Top Weather Conditions that Amplify Lake Erie Algal Blooms Revealed
Seasons with low winds lead to spread of harmful algae
Published on December 17, 2014
A Lake Erie algal bloom captured by MERIS in Oct. 2011. Credit: European Space Agency.
SAN FRANCISCO—Of the many weather-related factors that contribute to harmful algal blooms (HABs) in Lake Erie, a new study has identified one as most important: the wind.
Over a 10-year period in Lake Erie, wind speed contributed more consistently to HABs than sunshine or even precipitation, researchers at The Ohio State University and their colleagues found.
The ongoing study is unusual, in that researchers are building the first detailed analyses of how the various environmental factors influence each other—in the context of satellite studies of Lake Erie.
They gave their early results at the American Geophysical Union meeting on Dec. 17.
To C.K. Shum, Distinguished University Scholar and professor of geodetic science at Ohio State, the finding “underscores the need for environmental agencies to incorporate the threat of extreme weather events caused by climate change into future algae mitigation strategies.”
Where other studies have linked weather phenomena to HABs, this study goes a step further to look at how environmental drivers impact each other, and “ranks” them by their relative importance in promoting HABs, said Song Liang, formerly of Ohio State and now an associate professor of environmental and global health at the University of Florida.
“What surprised us the most was how the impact of nonweather factors, such as nitrogen and phosphorus pollution, varied strongly by season, while weather factors remained consistently important throughout the year,” he said.
Researchers have long known that high nitrogen and phosphorus levels are the actual causes of HABs, which choke freshwater ecosystems and render the water toxic. But when it comes to the various environmental factors that can amplify the amount of these nutrients in the water, or aid or hamper the spread of algae, the relationships are much more complex.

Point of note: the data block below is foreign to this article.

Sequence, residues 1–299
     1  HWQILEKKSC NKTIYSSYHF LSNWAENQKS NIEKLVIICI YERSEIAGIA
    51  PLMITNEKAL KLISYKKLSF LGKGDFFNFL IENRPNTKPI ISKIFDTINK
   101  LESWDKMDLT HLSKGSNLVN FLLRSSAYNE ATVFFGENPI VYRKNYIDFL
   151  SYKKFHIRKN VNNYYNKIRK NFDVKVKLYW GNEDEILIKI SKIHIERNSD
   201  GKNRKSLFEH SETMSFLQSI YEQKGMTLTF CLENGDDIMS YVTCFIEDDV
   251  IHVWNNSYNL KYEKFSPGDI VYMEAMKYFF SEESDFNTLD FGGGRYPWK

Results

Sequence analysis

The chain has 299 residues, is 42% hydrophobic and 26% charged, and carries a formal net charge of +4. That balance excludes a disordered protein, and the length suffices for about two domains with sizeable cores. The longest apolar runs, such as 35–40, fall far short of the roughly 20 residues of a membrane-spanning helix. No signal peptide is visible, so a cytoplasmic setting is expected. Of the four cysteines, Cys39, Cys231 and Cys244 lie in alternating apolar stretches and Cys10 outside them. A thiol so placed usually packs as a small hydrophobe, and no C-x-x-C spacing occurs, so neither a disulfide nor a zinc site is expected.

“One of the objectives of this project is investigating historical patterns of harmful algal blooms and their linkage to water quality and environmental factors,” explained project leader Jiyoung Lee, associate professor of environmental health sciences at Ohio State. “By doing this, we can better understand and predict the future of HABs and water safety in the Lake Erie community with the impact of changing climate and environmental factors.”
Liang and his group analyzed nine environmental factors, including solar radiation, wind speed, precipitation, nitrogen concentration, water temperature and water quality in Lake Erie from 2002 to 2012. Then the larger research team used data from the sensor onboard the European Space Agency’s Envisat satellite MEdium Resolution Imaging Spectrometer (MERIS) to examine how the color of the lake water changed during those years—an indication of the concentration of the toxic blue-green algae present in HABs.
The researchers examined the environmental drivers by season, and found that wind speed affected the spread of algal blooms consistently throughout spring, summer and fall. Seasons of low winds led to larger blooms. That’s because when wind speed is low, lake water is more still, and algae can more easily float to the top and form thick mats that spread along the lake surface.
Sunlight, meanwhile, was important in the spring and summer as a source of energy for the algae. Precipitation was very important in the summer and the winter, when rains and melting snow boosted runoff and delivered nitrogen and phosphorus, which algae use as food sources, to the lake.
As the project continues, the researchers hope to get a better understanding of how the variables relate to each other, and explore the notion of weather and climate as factors in a kind of “early warning system” for HABs.
The U.S. Environmental Protection Agency funded this research.